Despite lockdown, fires ravage forests hinting at sabotage

A whopping 3,996 fires recorded during the last seven days only in Telangana

March 31, 2020 01:19 am | Updated 01:23 am IST - Adilabad

Smoke billowing as a forest burns in Khanapur Forest Division in Nirmal district recently.

Smoke billowing as a forest burns in Khanapur Forest Division in Nirmal district recently.

The lockdown apparently does not work in the forests of Telangana where fires are ravaging nature with unparallelled immunity, according to the Forest Fire Alert System based on satellite remote sensing technology. The State has recorded over 6,000 fires in its forests since November 1 last year, of which a whopping 3,996 were recorded during the last seven days only, both numbers being highest in the country as per the alerts put out by the Moderate Resolution Imaging Spectro-radiometer (MODIS) and the Suomi-National Polar Orbiting Partnership Spacecraft-Visible Infrared Imaging Radiometer Suite part of the alert system.

The current record is actually lesser in number than the forest fires recorded in the State in the previous year but it is perturbing to note that there was a sudden and sharp spurt in the incidence corresponding with declaration of lockdown in view of COVID-19, indicating towards ‘sabotage’. For example, the Kawal Tiger Reserve (KTR) spread over former composite Adilabad district recorded 134 fires between March 1 and 21 while the number jumped to 477 for a much smaller period, between March 22 and 29.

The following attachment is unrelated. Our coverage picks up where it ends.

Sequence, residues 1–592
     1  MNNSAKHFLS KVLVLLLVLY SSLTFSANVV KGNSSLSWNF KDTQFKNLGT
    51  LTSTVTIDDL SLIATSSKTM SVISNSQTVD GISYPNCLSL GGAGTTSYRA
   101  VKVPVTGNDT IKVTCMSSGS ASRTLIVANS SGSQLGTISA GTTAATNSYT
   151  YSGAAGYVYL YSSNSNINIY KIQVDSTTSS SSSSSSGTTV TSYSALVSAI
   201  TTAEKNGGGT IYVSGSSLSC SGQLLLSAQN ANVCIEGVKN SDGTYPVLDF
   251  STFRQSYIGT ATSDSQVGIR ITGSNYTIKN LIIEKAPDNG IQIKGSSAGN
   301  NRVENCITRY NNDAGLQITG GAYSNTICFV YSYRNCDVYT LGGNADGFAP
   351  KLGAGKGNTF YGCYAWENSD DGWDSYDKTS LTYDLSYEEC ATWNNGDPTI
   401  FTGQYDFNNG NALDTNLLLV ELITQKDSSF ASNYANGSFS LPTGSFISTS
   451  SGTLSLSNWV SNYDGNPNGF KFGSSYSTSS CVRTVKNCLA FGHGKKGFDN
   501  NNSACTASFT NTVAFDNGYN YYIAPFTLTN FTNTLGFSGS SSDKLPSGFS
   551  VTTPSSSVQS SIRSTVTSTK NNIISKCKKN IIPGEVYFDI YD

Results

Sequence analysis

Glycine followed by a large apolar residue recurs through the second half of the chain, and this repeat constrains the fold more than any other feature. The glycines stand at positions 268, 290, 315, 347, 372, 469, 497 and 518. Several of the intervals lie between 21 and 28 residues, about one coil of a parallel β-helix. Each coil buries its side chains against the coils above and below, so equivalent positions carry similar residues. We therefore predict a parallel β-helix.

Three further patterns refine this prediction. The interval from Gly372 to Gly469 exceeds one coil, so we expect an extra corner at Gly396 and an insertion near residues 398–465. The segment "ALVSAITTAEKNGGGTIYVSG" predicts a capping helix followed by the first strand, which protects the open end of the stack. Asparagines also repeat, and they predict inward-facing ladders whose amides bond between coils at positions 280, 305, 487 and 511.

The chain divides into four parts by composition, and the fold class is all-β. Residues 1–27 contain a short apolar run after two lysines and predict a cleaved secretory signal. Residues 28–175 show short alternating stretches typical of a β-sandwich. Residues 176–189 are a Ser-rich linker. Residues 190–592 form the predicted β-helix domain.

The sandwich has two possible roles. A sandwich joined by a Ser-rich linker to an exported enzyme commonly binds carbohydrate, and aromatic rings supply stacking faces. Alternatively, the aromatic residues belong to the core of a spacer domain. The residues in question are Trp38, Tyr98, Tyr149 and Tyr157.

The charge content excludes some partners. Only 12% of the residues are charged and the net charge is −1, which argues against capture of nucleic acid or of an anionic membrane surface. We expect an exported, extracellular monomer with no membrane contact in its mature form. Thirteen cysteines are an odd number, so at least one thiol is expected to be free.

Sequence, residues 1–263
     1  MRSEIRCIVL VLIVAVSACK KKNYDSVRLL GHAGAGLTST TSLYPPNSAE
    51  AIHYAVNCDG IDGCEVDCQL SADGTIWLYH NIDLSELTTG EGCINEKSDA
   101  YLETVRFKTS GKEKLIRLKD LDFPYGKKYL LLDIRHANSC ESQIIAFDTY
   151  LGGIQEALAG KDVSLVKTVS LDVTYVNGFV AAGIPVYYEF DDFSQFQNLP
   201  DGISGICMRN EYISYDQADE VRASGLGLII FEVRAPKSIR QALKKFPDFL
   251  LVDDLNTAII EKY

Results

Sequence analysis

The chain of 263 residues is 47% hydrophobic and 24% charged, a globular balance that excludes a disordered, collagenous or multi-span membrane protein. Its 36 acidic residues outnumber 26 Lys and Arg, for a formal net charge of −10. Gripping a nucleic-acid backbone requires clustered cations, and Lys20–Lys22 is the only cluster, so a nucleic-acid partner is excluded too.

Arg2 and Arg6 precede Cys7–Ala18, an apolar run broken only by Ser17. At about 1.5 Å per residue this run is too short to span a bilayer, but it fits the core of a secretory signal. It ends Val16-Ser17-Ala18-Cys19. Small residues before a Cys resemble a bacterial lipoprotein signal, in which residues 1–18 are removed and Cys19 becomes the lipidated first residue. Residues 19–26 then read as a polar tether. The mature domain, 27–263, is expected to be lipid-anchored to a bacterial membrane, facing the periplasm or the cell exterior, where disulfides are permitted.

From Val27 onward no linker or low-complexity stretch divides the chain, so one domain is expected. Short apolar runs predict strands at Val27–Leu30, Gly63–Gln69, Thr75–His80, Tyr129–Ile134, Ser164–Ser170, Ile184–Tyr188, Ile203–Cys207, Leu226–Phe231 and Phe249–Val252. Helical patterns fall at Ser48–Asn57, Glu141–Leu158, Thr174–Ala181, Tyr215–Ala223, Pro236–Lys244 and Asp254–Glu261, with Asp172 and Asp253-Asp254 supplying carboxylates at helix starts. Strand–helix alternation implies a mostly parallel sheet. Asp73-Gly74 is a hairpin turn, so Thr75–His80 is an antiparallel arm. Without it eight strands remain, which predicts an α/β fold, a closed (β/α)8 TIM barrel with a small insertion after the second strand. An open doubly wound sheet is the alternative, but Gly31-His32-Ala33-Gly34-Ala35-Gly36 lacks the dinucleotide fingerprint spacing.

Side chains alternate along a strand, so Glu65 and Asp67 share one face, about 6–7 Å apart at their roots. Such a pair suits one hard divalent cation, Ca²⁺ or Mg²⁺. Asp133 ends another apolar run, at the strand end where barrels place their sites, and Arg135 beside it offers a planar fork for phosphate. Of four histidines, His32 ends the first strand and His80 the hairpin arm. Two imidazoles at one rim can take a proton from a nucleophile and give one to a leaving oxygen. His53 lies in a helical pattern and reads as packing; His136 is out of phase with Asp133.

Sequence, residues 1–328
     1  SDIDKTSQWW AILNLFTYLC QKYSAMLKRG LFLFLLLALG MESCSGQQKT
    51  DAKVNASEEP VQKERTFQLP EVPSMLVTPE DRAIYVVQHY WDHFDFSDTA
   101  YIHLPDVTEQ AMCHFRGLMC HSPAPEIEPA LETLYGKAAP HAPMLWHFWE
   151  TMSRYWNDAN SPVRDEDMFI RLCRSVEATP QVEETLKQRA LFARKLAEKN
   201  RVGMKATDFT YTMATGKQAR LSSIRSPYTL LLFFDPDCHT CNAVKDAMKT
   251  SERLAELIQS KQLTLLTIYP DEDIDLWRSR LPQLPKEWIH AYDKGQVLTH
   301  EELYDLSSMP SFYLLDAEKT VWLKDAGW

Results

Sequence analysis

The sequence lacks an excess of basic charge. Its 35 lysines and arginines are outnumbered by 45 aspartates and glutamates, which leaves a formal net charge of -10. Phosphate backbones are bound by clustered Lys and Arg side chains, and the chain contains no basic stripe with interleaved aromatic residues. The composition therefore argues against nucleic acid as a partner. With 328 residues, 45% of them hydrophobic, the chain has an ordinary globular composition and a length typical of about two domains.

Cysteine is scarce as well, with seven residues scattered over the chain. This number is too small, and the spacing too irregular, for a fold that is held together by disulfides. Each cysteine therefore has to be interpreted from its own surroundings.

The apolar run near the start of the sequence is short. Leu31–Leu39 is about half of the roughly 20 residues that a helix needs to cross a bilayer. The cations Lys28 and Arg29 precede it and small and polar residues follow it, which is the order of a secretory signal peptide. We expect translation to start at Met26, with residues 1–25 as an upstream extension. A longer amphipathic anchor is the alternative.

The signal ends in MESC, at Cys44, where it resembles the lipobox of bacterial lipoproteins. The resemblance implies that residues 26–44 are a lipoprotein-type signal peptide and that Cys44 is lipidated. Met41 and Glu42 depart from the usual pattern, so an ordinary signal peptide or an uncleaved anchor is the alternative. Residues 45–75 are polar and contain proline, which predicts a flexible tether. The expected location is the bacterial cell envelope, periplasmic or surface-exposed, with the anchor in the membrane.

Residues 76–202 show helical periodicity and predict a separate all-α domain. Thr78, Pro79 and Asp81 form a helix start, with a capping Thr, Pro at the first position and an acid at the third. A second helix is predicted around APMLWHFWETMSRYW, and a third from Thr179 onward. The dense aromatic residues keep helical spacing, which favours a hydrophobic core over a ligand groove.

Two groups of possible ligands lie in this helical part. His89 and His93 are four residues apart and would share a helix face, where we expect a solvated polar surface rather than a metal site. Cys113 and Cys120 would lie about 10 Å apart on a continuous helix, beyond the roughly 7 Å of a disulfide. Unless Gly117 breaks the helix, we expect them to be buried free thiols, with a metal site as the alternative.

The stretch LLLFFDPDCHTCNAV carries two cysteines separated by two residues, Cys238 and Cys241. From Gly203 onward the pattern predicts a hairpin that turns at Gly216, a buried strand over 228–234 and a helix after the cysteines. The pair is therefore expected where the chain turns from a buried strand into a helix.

March 29 was the worst of the days as it saw a mindboggling 103 fires raging in the KTR forest. A cursory study of the pattern of forest points this season reveals that the incidence is concentrated in KTR area falling in Nirmal and Adilabad districts mainly in Nirmal and Khanapur Forest Divisions in the former, and Utnoor and Ichoda Forest Divisions in the latter.


According to department officials, the pattern shows some kind of conspiracy in that no compartment in given sections have been ignored by those who are lighting the fires. The pointer is, as usual, towards the beedi leaf contractors as tendu leaf is collected in most of these areas and towards the Multanis of Ichoda and Sirikonda mandals in Adilabad district as a large number of forest fire points have been the area of operation of these habitual timber smugglers.

“The fires have actually started even before the khallas or beedi leaf units were auctioned off. Multanis maybe setting the forest on fire either as a measure of revenge for the crackdown on their activities last year or are doing the bidding of the contractors,” a Forest official opined.

“Only patrolling by some armed force will save precious life in the wilds. The loss extends in hundreds of sq kms of forest area and if translated into money would run into several hundred crores of rupees,” added another official giving his reason for dealing with the phenomenon more stringently.

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